To "pass with flying colors," meaning "to succeed or win by a wide margin" does indeed come from nautical lingo, "colors" in this sense meaning the naval flags or pennants flown from a ship's masts. The phrase (originally, in the late 17th century, "to come off with flying colors") most likely referred to a battleship which had been victorious in an encounter with the enemy and emerged from the fray with its ensigns still flying, indicating that no severe damage was done to the vessel.
As for "dive," in the 19th century, an evening out for the adventurous meant literally diving into a subterranean world of bad booze and even worse company. Disreputable saloons and gambling joints were called "dives" (also known as "dens," "holes" and "dumps") in the mid-1800s because they were often located below street level, in the ground floors (or even basements) of once-genteel rowhouses in run down areas of the city. Patrons entered the dive via a flight of stairs, and once inside were safely shielded from the gaze of more respectable citizens.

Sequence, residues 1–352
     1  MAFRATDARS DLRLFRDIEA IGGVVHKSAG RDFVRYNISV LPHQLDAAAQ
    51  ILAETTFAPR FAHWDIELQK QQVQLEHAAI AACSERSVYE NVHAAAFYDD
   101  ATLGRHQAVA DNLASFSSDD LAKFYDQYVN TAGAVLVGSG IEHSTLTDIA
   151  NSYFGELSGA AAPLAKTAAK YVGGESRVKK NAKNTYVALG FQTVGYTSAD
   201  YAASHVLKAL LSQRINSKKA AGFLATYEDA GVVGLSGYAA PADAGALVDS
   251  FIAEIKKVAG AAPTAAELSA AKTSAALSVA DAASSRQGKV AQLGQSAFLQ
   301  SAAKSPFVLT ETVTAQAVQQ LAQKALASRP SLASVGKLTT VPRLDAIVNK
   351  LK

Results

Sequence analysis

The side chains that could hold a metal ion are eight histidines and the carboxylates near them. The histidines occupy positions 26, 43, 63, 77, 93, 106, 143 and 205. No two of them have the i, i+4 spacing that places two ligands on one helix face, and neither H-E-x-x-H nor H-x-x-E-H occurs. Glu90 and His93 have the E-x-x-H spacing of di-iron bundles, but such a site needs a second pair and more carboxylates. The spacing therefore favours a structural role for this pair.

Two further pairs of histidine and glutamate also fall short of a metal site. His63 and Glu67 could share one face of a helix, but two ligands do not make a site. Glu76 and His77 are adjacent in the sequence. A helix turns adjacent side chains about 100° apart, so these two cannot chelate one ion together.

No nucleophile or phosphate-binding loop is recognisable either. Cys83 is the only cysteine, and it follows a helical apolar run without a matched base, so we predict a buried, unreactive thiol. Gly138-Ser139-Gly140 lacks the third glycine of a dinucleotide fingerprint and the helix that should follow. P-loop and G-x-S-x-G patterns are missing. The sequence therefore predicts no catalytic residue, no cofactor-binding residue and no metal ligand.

Dear Word Detective: Any ideas where the phrase "the party line" came from? It has a political overtone now, but I'm not sure that's how it got its start. Any help would be appreciated. -- Scott Roeben, Writers Guild of America, via the internet.
Well, first we have to figure out which of the two kinds of "party lines" we're talking about. The first kind of "party line" ("party" here meaning "partial" or "shared") was an arrangement, very common until the 1950s, where several households shared a single telephone line. In theory, you were supposed to wait until no one was using the line before placing your call. In practice, if you were using a party line, you pretty much had to assume that at least three or four of your neighbors were listening to every word you said, a popular pastime known as "rubbering" (from "rubbernecking," or gawking).